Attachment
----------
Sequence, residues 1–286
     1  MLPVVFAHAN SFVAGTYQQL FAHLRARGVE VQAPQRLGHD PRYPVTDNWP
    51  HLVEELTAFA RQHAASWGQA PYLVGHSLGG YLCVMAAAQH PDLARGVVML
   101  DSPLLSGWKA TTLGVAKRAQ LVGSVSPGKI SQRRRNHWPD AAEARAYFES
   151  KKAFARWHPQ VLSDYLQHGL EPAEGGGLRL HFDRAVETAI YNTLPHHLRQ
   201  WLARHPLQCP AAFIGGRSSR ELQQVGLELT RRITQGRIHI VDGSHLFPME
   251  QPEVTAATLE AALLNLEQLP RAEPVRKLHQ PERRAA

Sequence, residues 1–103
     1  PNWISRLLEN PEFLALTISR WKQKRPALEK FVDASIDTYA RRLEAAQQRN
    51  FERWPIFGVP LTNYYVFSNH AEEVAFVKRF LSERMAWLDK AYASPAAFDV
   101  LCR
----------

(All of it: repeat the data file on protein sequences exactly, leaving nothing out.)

Sequence, residues 1–286
     1  MLPVVFAHAN SFVAGTYQQL FAHLRARGVE VQAPQRLGHD PRYPVTDNWP
    51  HLVEELTAFA RQHAASWGQA PYLVGHSLGG YLCVMAAAQH PDLARGVVML
   101  DSPLLSGWKA TTLGVAKRAQ LVGSVSPGKI SQRRRNHWPD AAEARAYFES
   151  KKAFARWHPQ VLSDYLQHGL EPAEGGGLRL HFDRAVETAI YNTLPHHLRQ
   201  WLARHPLQCP AAFIGGRSSR ELQQVGLELT RRITQGRIHI VDGSHLFPME
   251  QPEVTAATLE AALLNLEQLP RAEPVRKLHQ PERRAA

Sequence, residues 1–103
     1  PNWISRLLEN PEFLALTISR WKQKRPALEK FVDASIDTYA RRLEAAQQRN
    51  FERWPIFGVP LTNYYVFSNH AEEVAFVKRF LSERMAWLDK AYASPAAFDV
   101  LCR